Skip to content
Bonduelle, Andros… Brands sanctioned for deliberately concealing the presence of bisphenol A in their products

Bonduelle, Andros… Brands sanctioned for deliberately concealing the presence of bisphenol A in their products

Bonduelle, Andros… Brands sanctioned for deliberately concealing the presence of bisphenol A in their products

They agreed to maintain restraint on this issue. The Competition Authority announced on Thursday that it had sanctioned 15 agri-food sector players for agreeing not to report “the presence or absence of bisphenol A” in their cans and cans between 2010 and 2015, more than four years.

In its press release, the agency said it sanctioned “three cannery trade organizations and the can industry union for pursuing a collective strategy aimed at preventing manufacturers in the sector from competing on the issue of the presence or absence of bisphenol A.” The National Food Safety Agency considers it an endocrine disruptor.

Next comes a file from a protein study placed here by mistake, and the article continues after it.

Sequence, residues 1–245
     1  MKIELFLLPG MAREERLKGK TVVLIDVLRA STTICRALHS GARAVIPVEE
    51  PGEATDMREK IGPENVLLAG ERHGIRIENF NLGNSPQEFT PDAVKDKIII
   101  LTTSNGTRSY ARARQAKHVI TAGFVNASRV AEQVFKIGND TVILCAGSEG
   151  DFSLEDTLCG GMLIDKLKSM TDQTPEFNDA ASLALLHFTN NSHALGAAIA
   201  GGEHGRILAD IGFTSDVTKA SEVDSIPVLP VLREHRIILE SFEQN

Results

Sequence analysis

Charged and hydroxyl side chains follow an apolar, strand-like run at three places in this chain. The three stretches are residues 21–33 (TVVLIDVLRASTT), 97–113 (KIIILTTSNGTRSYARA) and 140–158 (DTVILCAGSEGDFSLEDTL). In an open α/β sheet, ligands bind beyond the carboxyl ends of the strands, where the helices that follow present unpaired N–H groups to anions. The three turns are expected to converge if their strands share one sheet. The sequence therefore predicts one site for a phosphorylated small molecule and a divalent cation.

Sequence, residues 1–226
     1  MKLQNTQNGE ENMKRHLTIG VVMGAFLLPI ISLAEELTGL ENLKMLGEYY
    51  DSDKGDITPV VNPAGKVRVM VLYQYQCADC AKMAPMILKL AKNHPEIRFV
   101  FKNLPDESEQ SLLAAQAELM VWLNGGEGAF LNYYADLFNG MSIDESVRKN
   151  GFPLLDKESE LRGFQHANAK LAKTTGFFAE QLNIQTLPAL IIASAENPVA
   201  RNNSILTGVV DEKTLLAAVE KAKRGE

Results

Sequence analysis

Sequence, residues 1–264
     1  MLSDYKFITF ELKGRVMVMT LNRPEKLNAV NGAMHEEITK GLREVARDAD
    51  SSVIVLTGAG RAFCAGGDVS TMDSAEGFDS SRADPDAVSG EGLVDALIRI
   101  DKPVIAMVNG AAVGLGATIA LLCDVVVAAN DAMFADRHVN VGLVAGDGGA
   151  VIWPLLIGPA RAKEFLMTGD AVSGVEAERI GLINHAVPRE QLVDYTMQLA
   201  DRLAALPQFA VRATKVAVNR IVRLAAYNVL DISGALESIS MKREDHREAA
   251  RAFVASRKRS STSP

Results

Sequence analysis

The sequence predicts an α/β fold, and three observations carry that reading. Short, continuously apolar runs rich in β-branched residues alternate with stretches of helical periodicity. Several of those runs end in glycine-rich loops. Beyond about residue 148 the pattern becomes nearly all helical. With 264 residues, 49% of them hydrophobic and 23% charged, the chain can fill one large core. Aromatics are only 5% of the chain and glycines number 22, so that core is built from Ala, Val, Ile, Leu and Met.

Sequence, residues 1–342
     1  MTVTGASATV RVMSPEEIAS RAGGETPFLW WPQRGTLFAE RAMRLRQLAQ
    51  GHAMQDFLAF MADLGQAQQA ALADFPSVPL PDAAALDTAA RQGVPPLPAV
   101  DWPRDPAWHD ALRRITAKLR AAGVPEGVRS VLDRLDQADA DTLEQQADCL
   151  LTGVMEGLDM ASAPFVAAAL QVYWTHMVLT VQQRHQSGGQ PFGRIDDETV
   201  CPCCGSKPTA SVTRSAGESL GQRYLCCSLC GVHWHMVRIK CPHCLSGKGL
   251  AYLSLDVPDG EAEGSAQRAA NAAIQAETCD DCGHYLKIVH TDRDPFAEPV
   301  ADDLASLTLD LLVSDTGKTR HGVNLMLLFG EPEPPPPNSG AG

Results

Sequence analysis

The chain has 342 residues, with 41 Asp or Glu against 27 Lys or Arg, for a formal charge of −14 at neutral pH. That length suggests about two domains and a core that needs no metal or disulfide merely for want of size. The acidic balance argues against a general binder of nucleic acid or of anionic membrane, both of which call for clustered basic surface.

“The sanctions also included 11 companies prosecuted as members of these organizations,” the document clarifies. These are the “cans” Andros, Bonduelle, Charles et Alice, Cofigeo, Conserves France, D’Aucy, General Mills and Unilever, and the “can suppliers” Ardagh, Crown and Massilly. “The four relevant professional organizations, as well as eleven member companies, were subject to sanctions totaling EUR 19,553,400,” the Competition Authority summarizes.

“Avoid creating consumer mistrust”

Banned in France since 2015 in food containers, bisphenol A (BPA) is considered an endocrine disruptor by the National Food Safety Authority (ANSES) and is suspected of being linked to numerous disorders and diseases (breast cancer, infertility, etc.). .

According to the agency, the parties involved wanted, in their own words, “not to create consumer mistrust” and agreed “not to use the absence of BPA as a selling point that could (…) completely destabilize the value chain.”

The goal of this agreement was to “prevent manufacturers from reporting that their food containers are BPA-free” and “encourage manufacturers to refuse to supply BPA-free boxes until it is banned in France, and then to “stop selling canned food containing BPA.” And after this date,” the press release continues.


Source: Le Parisien

Share this article:
globalhappenings news.jpg
most popular